Prostate cancer is very treatable during the early stages, when progression is slow and patients are often asymptomatic. Once it reaches more advanced stages, it can quickly metastasize, dropping survival rates down to 10%. In recent years, the pre-biopsy MRI has played a crucial role in the early detection of prostate cancer. Adopted as a first-line diagnostic tool, it identifies targets, or regions of interest (ROIs), for biopsy. Targeted biopsies are most commonly performed using cognitive fusion or software-assisted fusion methods. In-bore is another technique, but it’s less popular due to its limited accessibility.1
The cognitive fusion biopsy procedure is inexpensive and quick, but the learning curve can be slow and long. The setup requires no specialized equipment, except for the additional screen to display the MRI. It requires the urologist to read the MRI or interpret the reports from the radiologist prior to performing the biopsy. Guided by transrectal ultrasound, the urologist visually estimates where the targets are on the ultrasound image before taking a sample. Because the orientation of the prostate can be different between the two images, and the prostate can deform during the ultrasound scan, this makes cognitive fusion more complex. The accuracy is highly dependent on the operator’s understanding of prostate anatomy and proficiency in reading ultrasound and MRI sequences.1
Software-assisted fusion biopsies come with upfront costs and longer procedural times, but the procedure is “simple” and the cost of learning is low. In addition to the ultrasound, the setup requires a fusion biopsy device, like the Fusion Bx. After the MR images are uploaded to the fusion system, the urologist places landmarks and contours the ultrasound image. The fusion software will then transpose the MR images onto the live ultrasound. Depending on the type of image registration, some systems (yes, the Fusion Bx) can even account for prostate deformation. Now, the urologist is guided by a 3D reconstruction of the prostate, showing the ROIs and the projected needle path. Since lesions are identified by the software, the accuracy relies less on professional experience.1
Cognitive Fusion vs. Software Assisted Fusion
Both cognitive fusion and software-assisted fusion have their pros and cons in terms of ease of use, but more importantly, which one is better at detecting cancer? The National Institute for Health and Care Excellence (NICE) in the UK seeks to answer this question in the IP7-PACIFIC Trial. The trial will compare cognitive fusion with software-assisted fusion, using a variety of different fusion systems, including the Fusion Bx. The outcome will determine which method is adopted by the NHS. Existing evidence is inconclusive as all studies were considered biased, lacking data, or too small of a population size.2 Generally, though, the majority of studies showed no significant difference in detection rates.1,2,3 Some suggest software-assisted fusion has an advantage in identifying smaller, low-grade cancers and better targeting accuracy.1,2,3 All things being equal, there’s no denying cognitive fusion leaves more room for subjective errors. The difference in approaches can be compared to drawing versus tracing. To make a realistic sketch, one requires mastery to translate a 3D object onto a page whereas the other is as simple as following a line. The reduced learning curve of software-assisted fusion lowers the barrier for novices, ultimately making targeted biopsies more accessible.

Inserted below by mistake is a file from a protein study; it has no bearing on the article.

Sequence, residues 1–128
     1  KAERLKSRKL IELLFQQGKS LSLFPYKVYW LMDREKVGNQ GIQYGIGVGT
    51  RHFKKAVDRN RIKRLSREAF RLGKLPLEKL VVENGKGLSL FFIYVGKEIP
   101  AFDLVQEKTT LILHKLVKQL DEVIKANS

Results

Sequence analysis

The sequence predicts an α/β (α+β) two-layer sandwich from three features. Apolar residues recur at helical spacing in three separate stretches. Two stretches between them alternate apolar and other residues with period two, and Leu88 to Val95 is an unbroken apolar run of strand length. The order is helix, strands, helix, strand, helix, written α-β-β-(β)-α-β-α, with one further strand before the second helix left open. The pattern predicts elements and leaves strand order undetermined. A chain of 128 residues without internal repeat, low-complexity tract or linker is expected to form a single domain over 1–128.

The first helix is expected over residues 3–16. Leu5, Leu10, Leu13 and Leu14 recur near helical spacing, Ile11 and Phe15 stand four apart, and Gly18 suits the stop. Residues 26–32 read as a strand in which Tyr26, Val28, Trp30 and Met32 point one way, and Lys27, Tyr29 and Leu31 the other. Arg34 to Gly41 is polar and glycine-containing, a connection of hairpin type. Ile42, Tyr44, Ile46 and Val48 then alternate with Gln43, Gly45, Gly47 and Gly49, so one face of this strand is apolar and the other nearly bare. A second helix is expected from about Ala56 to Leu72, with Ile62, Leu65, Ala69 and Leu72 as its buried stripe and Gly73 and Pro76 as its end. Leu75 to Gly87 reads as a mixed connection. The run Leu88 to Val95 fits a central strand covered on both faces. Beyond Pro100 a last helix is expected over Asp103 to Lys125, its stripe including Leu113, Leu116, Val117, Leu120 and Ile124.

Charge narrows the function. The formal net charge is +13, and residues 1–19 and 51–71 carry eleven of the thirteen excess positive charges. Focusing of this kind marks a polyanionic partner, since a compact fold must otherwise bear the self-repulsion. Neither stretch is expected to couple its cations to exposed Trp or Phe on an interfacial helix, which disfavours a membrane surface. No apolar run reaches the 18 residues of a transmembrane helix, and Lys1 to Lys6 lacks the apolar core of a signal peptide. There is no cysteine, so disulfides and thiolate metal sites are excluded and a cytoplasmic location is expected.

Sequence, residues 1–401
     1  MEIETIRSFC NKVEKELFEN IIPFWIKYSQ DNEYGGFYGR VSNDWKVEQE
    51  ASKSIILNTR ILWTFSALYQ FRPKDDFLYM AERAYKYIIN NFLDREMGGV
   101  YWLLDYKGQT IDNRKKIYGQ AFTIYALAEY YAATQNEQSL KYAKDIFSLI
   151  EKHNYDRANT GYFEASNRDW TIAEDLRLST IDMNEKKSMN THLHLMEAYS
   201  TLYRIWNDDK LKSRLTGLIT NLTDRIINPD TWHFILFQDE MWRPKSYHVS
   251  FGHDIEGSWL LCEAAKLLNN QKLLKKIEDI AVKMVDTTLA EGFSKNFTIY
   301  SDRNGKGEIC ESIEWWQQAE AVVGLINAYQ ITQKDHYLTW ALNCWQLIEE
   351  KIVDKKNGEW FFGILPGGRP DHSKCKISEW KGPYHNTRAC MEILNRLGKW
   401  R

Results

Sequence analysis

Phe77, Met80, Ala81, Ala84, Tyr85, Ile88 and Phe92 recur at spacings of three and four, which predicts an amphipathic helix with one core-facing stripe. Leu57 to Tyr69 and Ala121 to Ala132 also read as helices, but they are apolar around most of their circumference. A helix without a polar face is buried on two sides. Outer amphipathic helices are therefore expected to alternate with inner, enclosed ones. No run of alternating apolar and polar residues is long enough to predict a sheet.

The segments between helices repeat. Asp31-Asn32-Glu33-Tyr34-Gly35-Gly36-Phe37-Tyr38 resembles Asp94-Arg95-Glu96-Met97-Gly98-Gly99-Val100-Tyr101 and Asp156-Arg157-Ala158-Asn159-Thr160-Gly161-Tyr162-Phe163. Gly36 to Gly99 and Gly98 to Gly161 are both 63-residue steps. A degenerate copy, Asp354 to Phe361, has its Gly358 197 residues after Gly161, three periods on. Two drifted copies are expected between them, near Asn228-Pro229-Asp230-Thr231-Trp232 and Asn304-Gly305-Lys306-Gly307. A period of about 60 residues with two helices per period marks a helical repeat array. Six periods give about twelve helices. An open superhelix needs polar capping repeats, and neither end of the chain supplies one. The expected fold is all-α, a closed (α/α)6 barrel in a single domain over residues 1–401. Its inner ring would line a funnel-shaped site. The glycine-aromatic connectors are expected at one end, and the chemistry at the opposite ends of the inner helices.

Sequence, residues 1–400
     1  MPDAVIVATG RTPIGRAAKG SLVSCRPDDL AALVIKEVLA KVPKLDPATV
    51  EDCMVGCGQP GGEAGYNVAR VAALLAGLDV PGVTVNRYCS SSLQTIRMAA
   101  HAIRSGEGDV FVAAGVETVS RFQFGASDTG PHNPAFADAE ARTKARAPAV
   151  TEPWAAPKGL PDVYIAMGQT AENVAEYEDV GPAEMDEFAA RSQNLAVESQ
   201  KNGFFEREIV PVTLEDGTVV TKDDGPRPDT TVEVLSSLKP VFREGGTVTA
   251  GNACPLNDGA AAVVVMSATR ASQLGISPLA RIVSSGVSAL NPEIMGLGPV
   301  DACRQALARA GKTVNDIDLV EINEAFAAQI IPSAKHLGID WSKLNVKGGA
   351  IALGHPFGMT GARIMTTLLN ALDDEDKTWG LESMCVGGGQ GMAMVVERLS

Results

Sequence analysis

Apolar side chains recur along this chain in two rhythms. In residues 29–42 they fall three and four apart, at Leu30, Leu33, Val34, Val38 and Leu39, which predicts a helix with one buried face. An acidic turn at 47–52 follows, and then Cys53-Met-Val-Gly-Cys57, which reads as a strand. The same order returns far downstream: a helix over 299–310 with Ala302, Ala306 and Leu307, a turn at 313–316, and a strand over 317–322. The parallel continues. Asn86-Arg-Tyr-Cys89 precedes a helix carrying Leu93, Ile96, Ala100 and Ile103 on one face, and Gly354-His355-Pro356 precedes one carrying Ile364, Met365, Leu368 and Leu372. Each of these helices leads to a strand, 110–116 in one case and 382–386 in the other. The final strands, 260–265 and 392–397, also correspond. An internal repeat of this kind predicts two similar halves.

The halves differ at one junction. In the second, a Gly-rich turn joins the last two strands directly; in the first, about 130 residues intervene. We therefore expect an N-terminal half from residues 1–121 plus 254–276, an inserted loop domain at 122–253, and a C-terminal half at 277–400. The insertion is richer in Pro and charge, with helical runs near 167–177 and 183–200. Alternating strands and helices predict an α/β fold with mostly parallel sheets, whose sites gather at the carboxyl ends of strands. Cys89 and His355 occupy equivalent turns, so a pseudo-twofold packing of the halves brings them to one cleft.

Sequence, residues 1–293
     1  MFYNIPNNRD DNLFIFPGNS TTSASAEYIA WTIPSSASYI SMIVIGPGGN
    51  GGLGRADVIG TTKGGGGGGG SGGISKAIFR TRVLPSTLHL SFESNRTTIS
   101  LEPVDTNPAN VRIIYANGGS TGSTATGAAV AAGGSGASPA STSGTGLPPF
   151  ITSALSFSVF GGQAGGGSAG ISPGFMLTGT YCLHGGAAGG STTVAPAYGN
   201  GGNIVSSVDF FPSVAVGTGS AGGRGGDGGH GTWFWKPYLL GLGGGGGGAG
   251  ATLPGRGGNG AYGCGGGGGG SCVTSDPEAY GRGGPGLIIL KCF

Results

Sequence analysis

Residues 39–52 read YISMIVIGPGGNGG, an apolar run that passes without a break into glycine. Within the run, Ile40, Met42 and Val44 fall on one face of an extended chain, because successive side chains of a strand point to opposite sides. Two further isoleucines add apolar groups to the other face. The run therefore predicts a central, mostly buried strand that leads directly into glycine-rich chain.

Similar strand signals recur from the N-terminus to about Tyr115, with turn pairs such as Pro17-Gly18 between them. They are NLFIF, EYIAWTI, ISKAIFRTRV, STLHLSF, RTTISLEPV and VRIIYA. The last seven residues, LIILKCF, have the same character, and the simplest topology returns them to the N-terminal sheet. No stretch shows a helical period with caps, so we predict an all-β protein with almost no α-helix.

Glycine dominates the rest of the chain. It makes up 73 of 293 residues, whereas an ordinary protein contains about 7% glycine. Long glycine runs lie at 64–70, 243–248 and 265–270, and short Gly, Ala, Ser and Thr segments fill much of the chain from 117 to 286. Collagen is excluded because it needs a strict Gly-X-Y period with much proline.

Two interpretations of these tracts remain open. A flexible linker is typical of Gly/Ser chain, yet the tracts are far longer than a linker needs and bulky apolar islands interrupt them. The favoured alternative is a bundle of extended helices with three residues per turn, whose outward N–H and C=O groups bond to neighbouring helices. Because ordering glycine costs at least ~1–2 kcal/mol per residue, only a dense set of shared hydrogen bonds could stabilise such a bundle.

The Fusion Bx was designed to do just that; provide accurate, efficient and accessible prostate cancer care. To minimize training, the software automatically guides users through the simple 4 step workflow. A counterbalance holds the probe steady, so physicians don’t have to, reducing the need for additional assistance. Automatic motion compensation and freehand-like access to the prostate are just a couple of the features that make the Fusion Bx a cost effective and easy-to-learn system for MRI-targeted biopsies. Contact us at email@example.com to learn more about the benefits of the Fusion Bx.
1 Liang, L., Cheng, Y., Qi, F., Zhang, L., Cao, D., Cheng, G., & Hua, L. (2020). A Comparative Study of Prostate Cancer Detection Rate Between Transperineal COG-TB and Transperineal FUS-TB in Patients with PSA ≤20 ng/mL. Journal of Endourology, 34(10), 1008–1014. https://doi.org/10.1089/end.2020.0276
2 CRD & CHE Technology Assessment Group. (2022). CRD/CHE University of York External Assessment Group report: MRI fusion biopsy in people with suspected prostate cancer. In NICE (No. 135477). University of York. https://www.nice.org.uk/guidance/gid-dg10050/documents/diagnostics-assessment-report
3 Wysock, J. S., Rosenkrantz, A. B., Huang, W. C., Stifelman, M. D., Lepor, H., Deng, F. M., Melamed, J., & Taneja, S. S. (2014). A Prospective, Blinded Comparison of Magnetic Resonance (MR) Imaging–Ultrasound Fusion and Visual Estimation in the Performance of MR-targeted Prostate Biopsy: The PROFUS Trial. European Urology, 66(2), 343–351. https://doi.org/10.1016/j.eururo.2013.10.048